Perhaps the critical turning point in Campaign '96 occurred in the second presidential debate, held in San Diego, shortly after the Clinton-Gore re-election effort had invested some millions of fastidiously laundered Indonesian rupiahs into a massive buy for a TV spot condemning a slow-motion, black & white Bob Dole for voting against the creation of the Department of Education.
At that dramatic moment in American history, the shrewd Kansan stalked like a big game hunter. Just as his prey loped into his cross-hairs, he squeezed the trigger. "Aha! You've revealed yourself as a fraud to every American voter," Senator Dole glared at President Clinton. "You say you're a New Democrat, you mouth cliches like 'the era of big government is over,' but you are a hopeless defender of the old-time medicine. Today, right here in this campaign, you equate curing a problem with creating a federal bureaucracy named after the problem. You think each social ill has a Washington solution, and the fact that the test scores of millions of young Americans have been in free fall since the Department of Education scheme was concocted doesn't phase you in the slightest. And why should it? You've got your kid in a private school."
Well, OK. It never happened. Yeah, there was a San Diego debate. And the Clinton campaign attack ads aired on every TV monitor in America. But Bob Dole never responded precisely this way. Or any other way, come to think of it.
The Washington Post recently displayed the following banner front-page headline: "D.C. Schools Called a Failure." The Control Board, an outside agency which now administers city finances pursuant to what would be called a bankruptcy reorganization in the business world, performed its own expert evaluation of the system and gave it "an absolute F." Thank goodness, Mr. President, for Sidwell Friends!
The District's public schools do have some big-time social problems to cope with, yet they spend in excess of $10,000 per student per year to achieve at least some results–yet even a D is beyond their grasp. What tony private academies would such a stipend access? One wonders how abolishing the school system and paying every parent $10,000 per child could fail to result in a far superior system. Do the math: a 25-child class pulling in one quarter of a million dollars annually. What kind of educational experience might be afforded in the open market with this tidy sum?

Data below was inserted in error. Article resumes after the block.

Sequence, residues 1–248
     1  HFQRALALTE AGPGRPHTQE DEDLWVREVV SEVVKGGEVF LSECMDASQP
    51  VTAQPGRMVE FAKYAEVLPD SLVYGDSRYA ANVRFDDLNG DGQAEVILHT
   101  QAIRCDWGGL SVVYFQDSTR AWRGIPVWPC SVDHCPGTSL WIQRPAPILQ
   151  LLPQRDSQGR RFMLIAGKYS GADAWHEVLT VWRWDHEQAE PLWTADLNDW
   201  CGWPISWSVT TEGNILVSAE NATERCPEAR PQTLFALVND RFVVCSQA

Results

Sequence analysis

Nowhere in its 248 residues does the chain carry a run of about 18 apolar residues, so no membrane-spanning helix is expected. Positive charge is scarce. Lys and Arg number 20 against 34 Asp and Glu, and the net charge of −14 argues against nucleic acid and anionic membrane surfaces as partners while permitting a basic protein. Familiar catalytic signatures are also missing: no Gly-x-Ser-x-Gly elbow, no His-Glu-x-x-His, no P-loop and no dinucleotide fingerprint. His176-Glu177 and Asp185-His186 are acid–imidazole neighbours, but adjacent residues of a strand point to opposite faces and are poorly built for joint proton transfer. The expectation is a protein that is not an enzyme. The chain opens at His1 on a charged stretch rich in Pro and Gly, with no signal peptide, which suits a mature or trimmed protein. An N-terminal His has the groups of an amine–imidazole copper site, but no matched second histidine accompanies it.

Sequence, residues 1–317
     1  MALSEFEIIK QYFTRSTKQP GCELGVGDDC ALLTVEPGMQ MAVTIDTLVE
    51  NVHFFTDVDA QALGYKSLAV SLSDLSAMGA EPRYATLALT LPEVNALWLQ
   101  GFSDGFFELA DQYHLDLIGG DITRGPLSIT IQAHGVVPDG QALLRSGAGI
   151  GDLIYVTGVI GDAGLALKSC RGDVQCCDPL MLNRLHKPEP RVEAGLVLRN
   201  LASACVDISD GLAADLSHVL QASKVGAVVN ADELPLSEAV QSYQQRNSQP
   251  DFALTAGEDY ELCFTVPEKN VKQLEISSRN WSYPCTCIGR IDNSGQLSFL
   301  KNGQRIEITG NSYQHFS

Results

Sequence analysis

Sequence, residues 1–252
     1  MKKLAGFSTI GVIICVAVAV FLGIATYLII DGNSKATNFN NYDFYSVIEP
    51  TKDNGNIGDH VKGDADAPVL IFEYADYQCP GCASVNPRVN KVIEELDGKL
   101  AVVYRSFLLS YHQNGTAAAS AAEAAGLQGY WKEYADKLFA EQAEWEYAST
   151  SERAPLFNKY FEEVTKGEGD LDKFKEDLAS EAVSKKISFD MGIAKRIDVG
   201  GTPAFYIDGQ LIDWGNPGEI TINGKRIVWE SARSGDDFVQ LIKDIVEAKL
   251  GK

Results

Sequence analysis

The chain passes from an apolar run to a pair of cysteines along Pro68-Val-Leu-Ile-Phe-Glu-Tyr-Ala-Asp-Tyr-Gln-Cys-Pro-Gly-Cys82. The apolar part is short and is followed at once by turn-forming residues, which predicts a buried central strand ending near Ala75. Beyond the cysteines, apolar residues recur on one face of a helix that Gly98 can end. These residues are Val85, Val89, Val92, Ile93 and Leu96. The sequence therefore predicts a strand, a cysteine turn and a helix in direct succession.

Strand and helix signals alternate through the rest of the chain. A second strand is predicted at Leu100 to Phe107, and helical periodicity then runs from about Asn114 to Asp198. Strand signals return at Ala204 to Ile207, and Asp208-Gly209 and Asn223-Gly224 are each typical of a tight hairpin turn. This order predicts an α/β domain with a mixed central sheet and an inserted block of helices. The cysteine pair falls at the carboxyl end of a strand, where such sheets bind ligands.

Instead, the powers that be prefer to fund a "dysfunctional" system that fails students and displays widespread corruption–a "deplorable record…by every important educational and management measure."
Ready for the Washington Post editorial spin? The Post is rightly ashamed of the situation in an unsigned editorial titled, "An Absolutely Devastating Report." They note the report's conclusion: "For each additional year that students stay in D.C. public schools, the less likely they are to succeed." They urge "in the strongest terms possible" that everyone go out and read the report. And then…nothing. "Radical changes" are called for–all comfortably within the present structure. The D.C. public school managers have already revealed that they are neither motivated by the success of their charges nor much constrained by legal rules. How long before we send in a rescue party for these helpless kids?
Will no one so much as utter the v-word? Vouchers give parents of poor kids a means of escape. Who will dare to say the word? Oh, yeah. Bob Dole. Look what happened to him.
The Clintonites loved Dole talking vouchers–and voting against the DOE–as they brilliantly exploited education as their key wedge issue with soccer moms. While school choice would bring huge relief to the urban poor (whose allegiance to the Democratic Party was not in play), it will do little for middle-class folks. Clinton-Gore realized that suburbanites don't care about the kids downtown stuck in "dysfunctional" schools. They care about their kids–in pretty decent schools–and their property values.
The simple financial calculus: Housing prices reflect local school district performance. People pay to be where their kids get a better education; hence, they bid up the price of real estate in areas with "free" access to high-quality public schools. Call this the "Johnny Can Read Premium." Those in the ritzy precincts don't need to go the voucher route. Moreover, if everyone else gets the schooling opportunity they've already assumed a mortgage for, they will lose their JCRP.
This is the ugly financial story lurking behind the soccer-mom pandering on education. Suburbanites fear "radical" or "extreme" measures that would open up their schools to the riffraff from surly neighborhoods–and wash away the JCRP, because no longer would aspiring parents have to "move on up" to get their kid into a decent school.
And so the president's neglect of the plight of the thousands of poor, mostly black youngsters held hostage in America's worst–and most expensive–schools in D.C. is not the slightest bit out of character. Hauling water for teachers' unions, cynically manipulating the soccer mom vote, trashing the speechless Bob Dole as "wrong in the past, wrong for our future," all while abandoning the kids at risk–well, that's what seizing the moral high ground on education was really all about.